• Yes, the ProImage is more expensive than Gold. I tried it out of curiosity, but I can’t imagine leaning into it as a go-to film when I can get Gold or Fujicolor 200 for a more reasonable price.

          The thing I use Ektar for most is my box cameras. My old boxes love Ektar.

  3. Michael says:

    This is indeed an odd location for such a shop, and I agree with Andy that you never see shops dedicated to just stamps anymore. I recall buying bags of used stamps in some department stores when I was school age. I sold my stamps long ago but think I kept a couple new sets.

    • I gather that it is hardly organized inside — just a room full of boxes full of stamps.

      I had a stamp collection as a kid, but found the hobby to be frustrating because it was essentially impossible to complete the collection.

      • Michael says:

        Yeah, it had a similar draw that collecting baseball (or other) cards likely had… “If I buy just one more pack, maybe I’ll finally get that rare one!” It wasn’t that long ago my children were doing the same thing with Yugioh / Pokemon cards. :P

        I think even then I thought that they must be going through them before bagging to pull out the ones of any real value, but I still liked seeing my book get filled with those that were new to me.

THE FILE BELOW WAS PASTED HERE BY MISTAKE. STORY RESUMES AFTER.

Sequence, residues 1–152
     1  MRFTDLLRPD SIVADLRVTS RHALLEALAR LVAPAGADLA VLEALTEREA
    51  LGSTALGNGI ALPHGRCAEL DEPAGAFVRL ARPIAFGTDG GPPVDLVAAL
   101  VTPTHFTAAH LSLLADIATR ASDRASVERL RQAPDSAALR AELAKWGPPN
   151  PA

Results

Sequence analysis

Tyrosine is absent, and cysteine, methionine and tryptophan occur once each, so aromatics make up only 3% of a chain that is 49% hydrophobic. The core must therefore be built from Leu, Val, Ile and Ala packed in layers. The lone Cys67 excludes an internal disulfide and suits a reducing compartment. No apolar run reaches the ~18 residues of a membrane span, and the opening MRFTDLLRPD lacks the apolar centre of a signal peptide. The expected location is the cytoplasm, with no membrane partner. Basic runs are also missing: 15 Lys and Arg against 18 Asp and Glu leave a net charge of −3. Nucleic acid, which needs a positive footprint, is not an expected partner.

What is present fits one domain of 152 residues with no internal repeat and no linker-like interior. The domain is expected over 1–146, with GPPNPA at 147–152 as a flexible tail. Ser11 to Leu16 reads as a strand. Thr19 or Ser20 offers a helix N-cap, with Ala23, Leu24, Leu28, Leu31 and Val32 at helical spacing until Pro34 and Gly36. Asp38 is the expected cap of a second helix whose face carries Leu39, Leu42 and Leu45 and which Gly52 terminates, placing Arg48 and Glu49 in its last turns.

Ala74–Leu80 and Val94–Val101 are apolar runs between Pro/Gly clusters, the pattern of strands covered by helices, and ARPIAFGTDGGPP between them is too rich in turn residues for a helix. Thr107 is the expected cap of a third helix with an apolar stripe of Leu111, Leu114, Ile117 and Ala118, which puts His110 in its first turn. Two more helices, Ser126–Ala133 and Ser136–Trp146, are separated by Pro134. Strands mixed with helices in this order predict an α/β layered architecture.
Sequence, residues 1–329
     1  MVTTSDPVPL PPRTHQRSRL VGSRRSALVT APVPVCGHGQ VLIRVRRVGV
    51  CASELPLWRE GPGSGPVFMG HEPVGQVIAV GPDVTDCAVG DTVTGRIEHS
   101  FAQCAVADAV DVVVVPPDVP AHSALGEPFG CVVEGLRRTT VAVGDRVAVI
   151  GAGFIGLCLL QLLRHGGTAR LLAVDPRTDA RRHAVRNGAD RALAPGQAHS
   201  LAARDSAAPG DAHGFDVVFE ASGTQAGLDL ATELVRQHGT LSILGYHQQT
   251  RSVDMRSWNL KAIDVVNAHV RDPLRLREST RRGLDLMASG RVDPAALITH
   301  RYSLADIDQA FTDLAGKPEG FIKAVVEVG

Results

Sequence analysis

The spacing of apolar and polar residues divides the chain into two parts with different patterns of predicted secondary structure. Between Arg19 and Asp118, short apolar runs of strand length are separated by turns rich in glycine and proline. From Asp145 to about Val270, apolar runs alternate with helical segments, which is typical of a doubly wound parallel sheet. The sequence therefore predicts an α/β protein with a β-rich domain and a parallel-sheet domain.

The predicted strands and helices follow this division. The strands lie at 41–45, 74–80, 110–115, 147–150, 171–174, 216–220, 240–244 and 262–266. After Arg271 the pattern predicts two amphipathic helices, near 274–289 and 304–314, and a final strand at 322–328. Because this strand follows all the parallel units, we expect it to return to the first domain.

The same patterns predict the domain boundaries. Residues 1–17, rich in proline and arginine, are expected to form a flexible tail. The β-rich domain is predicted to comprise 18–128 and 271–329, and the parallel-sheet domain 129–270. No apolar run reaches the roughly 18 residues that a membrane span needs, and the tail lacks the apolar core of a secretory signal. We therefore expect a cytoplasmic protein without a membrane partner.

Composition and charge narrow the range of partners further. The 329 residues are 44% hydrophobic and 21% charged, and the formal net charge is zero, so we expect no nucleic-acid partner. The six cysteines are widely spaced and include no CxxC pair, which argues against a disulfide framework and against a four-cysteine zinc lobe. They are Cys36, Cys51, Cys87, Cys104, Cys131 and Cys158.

I wonder where they sourced all those old letters to recover the stamps?

  4. Roger Meade says:

    I’m not familiar with that film either, but it seems to handle overcast scenes well.

    I have always rather liked the vignette effect. Perhaps because I correlate it with a photo from the distant past, as in old black & white photos taken with box cameras.

    The last stamp shop I remember was on the mezzanine floor of the downtown J. L. Hudson department store in Detroit. It had both stamps and coins. It was just off the stairway to the lower level “Sale” floor, which also had the spices and exotic foods area. Great fun. You could spend a whole day in Hudson’s without seeing anything twice. I did buy a couple of silver dollars in that shop.

    Thinking back, I imagine the shop was independently owned and rented space from the store. I can’t think a department store would have employees in such a specialized occupation.

    • Andy Umbo says: